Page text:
By PETE YOST, Associated Press Writer
June 30, 2006
A Supreme Court ruling striking down military commissions seriously weakens the foundation of the Bush administration's domestic surveillance program, critics said Friday.
A congressional resolution President Bush relied on in creating commissions is a key rationale for the National Security Agency to listen in on phone calls without first obtaining a judge's permission.
The court "reinforces our view that the NSA operation was unlawful," said George Washington University law professor Jonathan Turley. "The Supreme Court cut away the administration's principal legal argument for the NSA operation — the congressional resolution following Sept. 11."
Enacted a week after the Sept. 11 attacks, the congressional Authorization for Use of Military Force resolution cannot be seen as authorization for military commissions, the court ruled.
In January, the Justice Department invoked the resolution 92 times in a 42-page paper designed to quell the outcry that the White House had broken the law with its program of warrantless surveillance. A centerpiece in the administration's counter-attack against its critics, the DOJ entitled the white paper "Legal Authorities Supporting the Activities of the National Security Agency Described By the President."
Asked about the NSA program, a Justice Department official said after the ruling that "I don't think the court had before it any other broader issues concerning the scope of the Authorization for Use of Military Force, except it clearly did recognize that it activated the president's war powers."
The official said the implications of the decision beyond military commissions is "something that we are studying and will be studying." The official spoke on condition of anonymity because the matter is under review.
In the aftermath of the high court's ruling, lawyers for the Bush administration asked a federal appeals court in Washington to order more briefing on the decision's effect on civil lawsuits filed on behalf of hundreds of detainees held at the military prison at Guantanamo Bay, Cuba.
The NSA program faces a court challenge and the Supreme Court ruling "gives new vigor to arguments that the administration does not have the power it says it has," said Anthony Romero, executive director of the American Civil Liberties Union.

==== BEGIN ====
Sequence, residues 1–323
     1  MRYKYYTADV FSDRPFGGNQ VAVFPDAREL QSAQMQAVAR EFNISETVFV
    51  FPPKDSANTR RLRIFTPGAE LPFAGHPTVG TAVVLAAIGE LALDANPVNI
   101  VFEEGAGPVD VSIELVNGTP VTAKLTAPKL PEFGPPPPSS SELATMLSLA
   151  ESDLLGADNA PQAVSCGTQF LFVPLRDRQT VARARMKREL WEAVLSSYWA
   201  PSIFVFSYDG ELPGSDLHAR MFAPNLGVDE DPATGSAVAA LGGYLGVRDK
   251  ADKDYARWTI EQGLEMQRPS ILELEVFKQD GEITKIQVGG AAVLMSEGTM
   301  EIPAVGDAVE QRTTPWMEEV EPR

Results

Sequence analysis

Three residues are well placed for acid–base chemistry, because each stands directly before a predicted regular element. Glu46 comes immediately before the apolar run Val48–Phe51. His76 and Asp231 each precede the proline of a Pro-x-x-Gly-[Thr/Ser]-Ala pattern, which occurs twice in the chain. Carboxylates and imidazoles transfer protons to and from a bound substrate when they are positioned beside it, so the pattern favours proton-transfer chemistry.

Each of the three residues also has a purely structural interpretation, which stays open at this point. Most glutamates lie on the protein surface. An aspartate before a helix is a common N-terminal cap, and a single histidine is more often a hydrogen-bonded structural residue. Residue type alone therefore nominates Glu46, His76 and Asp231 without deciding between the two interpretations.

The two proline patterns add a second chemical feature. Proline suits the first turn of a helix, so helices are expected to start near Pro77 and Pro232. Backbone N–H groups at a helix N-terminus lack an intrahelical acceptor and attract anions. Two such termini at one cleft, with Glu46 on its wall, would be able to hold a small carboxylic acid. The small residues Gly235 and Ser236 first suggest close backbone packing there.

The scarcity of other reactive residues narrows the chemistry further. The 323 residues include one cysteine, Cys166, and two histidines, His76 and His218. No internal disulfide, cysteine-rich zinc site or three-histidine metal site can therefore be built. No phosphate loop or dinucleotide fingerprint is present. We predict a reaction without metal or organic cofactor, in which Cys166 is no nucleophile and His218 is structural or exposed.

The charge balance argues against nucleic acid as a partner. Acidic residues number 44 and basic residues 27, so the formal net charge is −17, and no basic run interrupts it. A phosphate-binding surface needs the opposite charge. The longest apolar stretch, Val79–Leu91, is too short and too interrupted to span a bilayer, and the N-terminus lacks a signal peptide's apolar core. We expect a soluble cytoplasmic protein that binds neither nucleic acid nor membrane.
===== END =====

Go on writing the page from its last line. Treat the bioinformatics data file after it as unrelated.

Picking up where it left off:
Romero said the language in Justice Anthony Kennedy's concurring opinion against military commissions "almost could have been speaking about the NSA litigation," providing useful material for the ACLU's lawsuit against the warrantless surveillance.
In the military commission case, the Supreme Court said the congressional resolution was insufficient.
The Authorization for Use of Military Force resolution says that "the president is authorized to use all necessary and appropriate force" to prevent future acts of international terrorism against the United States.
In Thursday's ruling Justice Kennedy wrote that "trial by military commission raises separation-of-powers concerns of the highest order."
"Located within a single branch, these courts carry the risk that offenses will be defined, prosecuted, and adjudicated by executive officials without independent review," Kennedy added.
It was the absence of any review that fueled the outrage against the Bush administration's warrantless surveillance.
The White House decided not to obtain orders from the Foreign Intelligence Surveillance Court before eavesdropping on phone calls.
The Supreme Court setback for the White House comes amid a full frontal assault by the administration against The New York Times for revealing the existence of the NSA program as well as another secret government initiative accessing a huge databank of bank records.
The American Society of Newspaper Editors, responding to such criticism, said Friday that the Bush administration and some in Congress "are threatening America's bedrock values of free speech and free press with their attempts to demonize newspapers for fulfilling their constitutional role in our democratic society."
The ASNE said newspaper editors don't claim to be infallible. "However, the First Amendment makes it clear no person or branch of government has the prerogative to usurp any American's right to speak or print what he or she believes is important and relevant truth. We believe honorable debate would focus on the issues raised by the reporting, not on attacks on the truth-tellers," it said.
On the Net:
Supreme Court: http://www.supremecourtus.gov/
Justice Department white paper: